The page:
The Bishop of Peterborough, having thus far contented himself with merely stating a reason

nor within any kingdom in Europe, a body of men whose religious opinions with respect to civil government are so accurately ascertained. They have not only explained their sentiments, they have sworn to the truth of their explanation. They have made their allegiance doubly secure: they are bound to it by their religion; they are also bound to it by their oath.

“ In conclusion, it may be observed, that the statutebook at present is, on this subject, in contradiction with itself. Whoever peruses the preambles to the statutes, from the pressure of which the Catholics pray to be relieved, will learn that they were enacted against persons described as traitors to their country, supposed to hold that faith is not to be kept with Protestants, and to believe that the Pope could lawfully depose princes, and absolve subjects from their allegiance. By the acts passed during the present reign in favour of Catholics, it is admitted that those who take the oaths prescribed therein, do not come under this description. Of course they are not the men against whom the penal statutes were enacted; why then are they still made to suffer under them? Certainly justice and consistence require that this contradiction should no longer exist; but that all who bear true allegiance to the king--all who abjure the temporal superiority of every other prince or prelate-should be admitted to the common rights and distinctions of British subjects.” -(Dr Lingard's Tracts, pp. 290-1.)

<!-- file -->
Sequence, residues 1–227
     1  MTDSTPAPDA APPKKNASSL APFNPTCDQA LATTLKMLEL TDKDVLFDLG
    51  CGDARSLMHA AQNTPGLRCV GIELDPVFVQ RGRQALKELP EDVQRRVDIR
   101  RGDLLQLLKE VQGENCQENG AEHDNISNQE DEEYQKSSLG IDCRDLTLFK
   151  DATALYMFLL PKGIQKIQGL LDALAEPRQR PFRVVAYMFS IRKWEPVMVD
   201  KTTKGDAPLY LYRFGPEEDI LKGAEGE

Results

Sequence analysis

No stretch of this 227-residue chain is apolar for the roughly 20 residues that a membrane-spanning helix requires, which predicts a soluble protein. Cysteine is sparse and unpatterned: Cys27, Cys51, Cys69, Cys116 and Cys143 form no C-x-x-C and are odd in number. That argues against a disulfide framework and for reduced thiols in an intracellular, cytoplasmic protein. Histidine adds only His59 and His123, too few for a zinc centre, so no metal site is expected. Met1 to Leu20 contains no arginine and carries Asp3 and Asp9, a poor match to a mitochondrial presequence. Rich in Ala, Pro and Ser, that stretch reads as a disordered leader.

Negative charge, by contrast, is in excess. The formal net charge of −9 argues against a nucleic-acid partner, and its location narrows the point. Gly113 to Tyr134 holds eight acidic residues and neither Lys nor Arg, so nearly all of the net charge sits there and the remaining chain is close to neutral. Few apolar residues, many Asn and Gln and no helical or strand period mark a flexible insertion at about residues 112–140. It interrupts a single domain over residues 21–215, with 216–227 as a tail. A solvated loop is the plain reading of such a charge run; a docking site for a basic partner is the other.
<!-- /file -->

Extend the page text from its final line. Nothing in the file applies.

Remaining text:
N.B. This “ Collection of Documents to ascertain the sentiments of British Catholics in former ages respecting

for our exclusion, without any attempt to prove its justice, proceeds to absolve the opposers of eman

the power of the popes,” and Dr. Lingard's excellent Observations thereon, ought to be the study of every legislator.

“ But it is said, and from high authority too, that to a king who is not a Roman Catholic, they cannot bear other than a divided allegiance. I say the charge is unsupported by fact, and, if it were true, would not be a very discreet charge to make against more than seven millions of people, now living within the allegiance of the king of this empire. I say, further, that it is disproved wherever Roman Catholics are admitted (and that is every where but here,) to a full enjoyment of civil rights under sovereigns not of their creed. I say that it is disproved in Prussia, disproved in Denmark, disproved in Sweden, disproved in Hanover, disproved in the Netherlands, disproved throughout the Russian Empire, and proved nowhere.